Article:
Background: Early-life socioeconomic status (SES) may play a role in cancer risk in adulthood. However, measuring SES retrospectively presents challenges. Parental occupation on the birth certificate is a novel method of ascertaining early-life SES that has not been applied in cancer epidemiology.
Methods: For a Baby-Boom cohort born from 1945–1959 in two Utah counties, individual-level Nam-Powers SES (Np-SES) was derived from parental industry/occupation reported on birth certificates. Neighborhood SES was estimated from average household income of census tract at birth. Cancer incidence was determined by linkage to Utah Cancer Registry records through the Utah Population Database. Hazard ratios (HR) for cancer risk by SES quartile were estimated using Cox proportional hazards regression.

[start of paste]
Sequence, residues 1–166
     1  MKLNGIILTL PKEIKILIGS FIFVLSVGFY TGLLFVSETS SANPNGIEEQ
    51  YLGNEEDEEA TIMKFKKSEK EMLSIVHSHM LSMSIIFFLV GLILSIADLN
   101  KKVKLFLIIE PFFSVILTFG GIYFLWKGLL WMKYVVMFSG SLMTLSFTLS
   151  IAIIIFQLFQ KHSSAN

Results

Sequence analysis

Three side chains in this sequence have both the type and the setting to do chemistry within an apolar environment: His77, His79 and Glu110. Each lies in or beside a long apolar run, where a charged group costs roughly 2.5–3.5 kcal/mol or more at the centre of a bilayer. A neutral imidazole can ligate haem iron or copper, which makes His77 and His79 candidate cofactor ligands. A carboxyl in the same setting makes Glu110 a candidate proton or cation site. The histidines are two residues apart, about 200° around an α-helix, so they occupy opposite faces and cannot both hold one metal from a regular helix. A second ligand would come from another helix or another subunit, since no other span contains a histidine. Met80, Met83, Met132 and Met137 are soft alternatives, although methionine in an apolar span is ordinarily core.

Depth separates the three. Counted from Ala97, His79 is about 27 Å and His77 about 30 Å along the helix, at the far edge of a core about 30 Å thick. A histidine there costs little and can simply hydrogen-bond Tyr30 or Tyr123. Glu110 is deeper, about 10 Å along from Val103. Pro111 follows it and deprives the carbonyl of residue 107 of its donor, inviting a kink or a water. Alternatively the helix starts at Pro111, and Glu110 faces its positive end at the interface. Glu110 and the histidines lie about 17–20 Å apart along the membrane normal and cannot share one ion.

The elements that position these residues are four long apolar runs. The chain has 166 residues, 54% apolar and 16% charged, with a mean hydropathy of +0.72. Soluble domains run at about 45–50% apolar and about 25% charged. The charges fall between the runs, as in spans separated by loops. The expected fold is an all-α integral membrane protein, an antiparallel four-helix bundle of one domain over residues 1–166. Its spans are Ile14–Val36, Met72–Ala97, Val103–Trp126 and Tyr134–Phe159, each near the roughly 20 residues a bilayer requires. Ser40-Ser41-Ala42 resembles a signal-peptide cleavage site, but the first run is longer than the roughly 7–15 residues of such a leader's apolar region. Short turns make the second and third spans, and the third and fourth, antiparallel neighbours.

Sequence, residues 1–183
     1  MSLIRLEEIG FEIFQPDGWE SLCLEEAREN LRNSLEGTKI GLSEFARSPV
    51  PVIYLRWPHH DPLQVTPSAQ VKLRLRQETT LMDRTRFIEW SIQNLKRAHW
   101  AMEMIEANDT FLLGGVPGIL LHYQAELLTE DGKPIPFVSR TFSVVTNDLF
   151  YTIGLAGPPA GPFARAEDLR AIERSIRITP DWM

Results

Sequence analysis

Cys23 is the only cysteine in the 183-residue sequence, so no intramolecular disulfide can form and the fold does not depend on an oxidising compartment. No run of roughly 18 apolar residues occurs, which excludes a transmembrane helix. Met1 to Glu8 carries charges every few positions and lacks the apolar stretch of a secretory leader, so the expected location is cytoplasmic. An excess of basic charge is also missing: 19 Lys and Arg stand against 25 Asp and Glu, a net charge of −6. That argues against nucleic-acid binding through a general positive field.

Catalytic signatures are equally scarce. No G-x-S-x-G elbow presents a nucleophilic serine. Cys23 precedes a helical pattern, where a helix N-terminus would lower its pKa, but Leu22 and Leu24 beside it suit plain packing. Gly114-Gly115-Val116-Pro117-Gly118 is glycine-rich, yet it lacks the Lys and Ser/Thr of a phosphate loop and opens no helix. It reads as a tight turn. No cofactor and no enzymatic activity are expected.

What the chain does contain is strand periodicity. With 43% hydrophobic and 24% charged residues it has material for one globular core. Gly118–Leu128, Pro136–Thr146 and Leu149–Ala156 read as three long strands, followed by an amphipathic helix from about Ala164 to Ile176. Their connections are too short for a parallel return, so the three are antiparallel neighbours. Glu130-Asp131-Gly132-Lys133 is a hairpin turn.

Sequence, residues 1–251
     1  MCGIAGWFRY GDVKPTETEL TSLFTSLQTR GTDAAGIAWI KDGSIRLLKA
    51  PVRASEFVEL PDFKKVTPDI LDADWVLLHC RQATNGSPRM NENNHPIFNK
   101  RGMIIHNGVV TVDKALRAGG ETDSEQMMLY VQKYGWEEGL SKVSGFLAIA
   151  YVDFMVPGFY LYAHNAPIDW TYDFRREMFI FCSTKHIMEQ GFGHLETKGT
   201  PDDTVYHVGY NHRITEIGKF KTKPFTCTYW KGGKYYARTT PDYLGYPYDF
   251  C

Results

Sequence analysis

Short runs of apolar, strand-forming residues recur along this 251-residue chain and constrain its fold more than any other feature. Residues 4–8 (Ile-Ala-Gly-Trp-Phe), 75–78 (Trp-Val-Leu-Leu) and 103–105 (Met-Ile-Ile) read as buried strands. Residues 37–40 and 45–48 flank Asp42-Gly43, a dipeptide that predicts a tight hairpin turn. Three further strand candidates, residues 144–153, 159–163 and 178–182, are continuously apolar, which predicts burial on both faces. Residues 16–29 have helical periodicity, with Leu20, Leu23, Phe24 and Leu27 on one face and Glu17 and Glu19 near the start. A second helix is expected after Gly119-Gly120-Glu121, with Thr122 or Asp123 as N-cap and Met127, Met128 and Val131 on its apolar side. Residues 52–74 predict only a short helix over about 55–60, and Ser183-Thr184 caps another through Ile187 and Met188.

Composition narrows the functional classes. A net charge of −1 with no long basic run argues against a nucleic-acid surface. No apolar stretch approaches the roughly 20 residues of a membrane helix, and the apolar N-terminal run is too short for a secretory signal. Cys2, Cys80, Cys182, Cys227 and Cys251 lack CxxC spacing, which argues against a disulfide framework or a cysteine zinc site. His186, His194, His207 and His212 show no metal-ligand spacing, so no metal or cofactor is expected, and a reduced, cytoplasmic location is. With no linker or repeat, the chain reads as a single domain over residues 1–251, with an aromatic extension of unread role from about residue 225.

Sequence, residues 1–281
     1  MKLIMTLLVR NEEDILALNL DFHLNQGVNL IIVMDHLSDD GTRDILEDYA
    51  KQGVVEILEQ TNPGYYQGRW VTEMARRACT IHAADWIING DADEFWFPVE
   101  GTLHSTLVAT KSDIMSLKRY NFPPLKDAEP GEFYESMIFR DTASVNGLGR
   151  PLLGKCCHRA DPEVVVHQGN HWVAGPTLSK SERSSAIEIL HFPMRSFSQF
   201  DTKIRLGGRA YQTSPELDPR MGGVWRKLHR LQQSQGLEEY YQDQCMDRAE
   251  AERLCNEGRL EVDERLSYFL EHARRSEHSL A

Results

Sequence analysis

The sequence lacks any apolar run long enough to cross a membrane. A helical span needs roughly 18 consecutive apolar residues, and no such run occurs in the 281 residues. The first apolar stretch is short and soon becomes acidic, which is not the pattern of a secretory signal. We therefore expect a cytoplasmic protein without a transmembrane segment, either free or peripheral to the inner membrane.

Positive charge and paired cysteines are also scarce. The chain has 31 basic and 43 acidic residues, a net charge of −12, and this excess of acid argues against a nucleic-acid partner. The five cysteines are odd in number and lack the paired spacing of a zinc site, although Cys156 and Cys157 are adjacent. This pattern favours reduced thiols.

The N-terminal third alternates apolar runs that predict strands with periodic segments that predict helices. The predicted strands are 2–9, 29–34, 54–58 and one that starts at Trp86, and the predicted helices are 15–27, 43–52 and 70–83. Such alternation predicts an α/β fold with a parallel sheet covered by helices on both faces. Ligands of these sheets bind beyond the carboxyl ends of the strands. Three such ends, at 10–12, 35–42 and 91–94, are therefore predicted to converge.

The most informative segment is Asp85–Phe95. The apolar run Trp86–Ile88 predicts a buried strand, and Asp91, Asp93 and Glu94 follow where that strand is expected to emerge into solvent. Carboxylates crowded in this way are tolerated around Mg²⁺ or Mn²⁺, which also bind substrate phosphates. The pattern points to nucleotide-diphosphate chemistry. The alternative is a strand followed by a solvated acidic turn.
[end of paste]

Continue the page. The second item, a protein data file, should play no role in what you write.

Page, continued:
Results: Females with low Np-SES at birth had lower risk of breast cancer compared with those in the highest Np-SES group [HRQ1/Q4 = 0.83; 95% confidence interval (CI), 0.72–0.97; HRQ2/Q4 = 0.81; 95% CI, 0.69–0.96]. Np-SES was inversely associated with melanoma (HRQ1/Q4 = 0.81; 95% CI, 0.67–0.98) and prostate cancer (HRQ1/Q4 = 0.70; 95% CI, 0.56–0.88). Women born into lower SES neighborhoods had significantly increased risk for invasive cervical cancer (HRQ1/Q4 = 1.44; 95% CI, 1.12–1.85; HRQ2/Q4 = 1.33; 95% CI, 1.04–1.72). Neighborhood SES had similar effects for melanoma and prostate cancers, but was not associated with female breast cancer. We found no association with SES for pancreas, lung, and colon and rectal cancers.
Conclusions: Individual SES derived from parental occupation at birth was associated with altered risk for several cancer sites.
Impact: This novel methodology can contribute to improved understanding of the role of early-life SES on cancer risk. Cancer Epidemiol Biomarkers Prev; 26(1); 75–84. ©2016 AACR.
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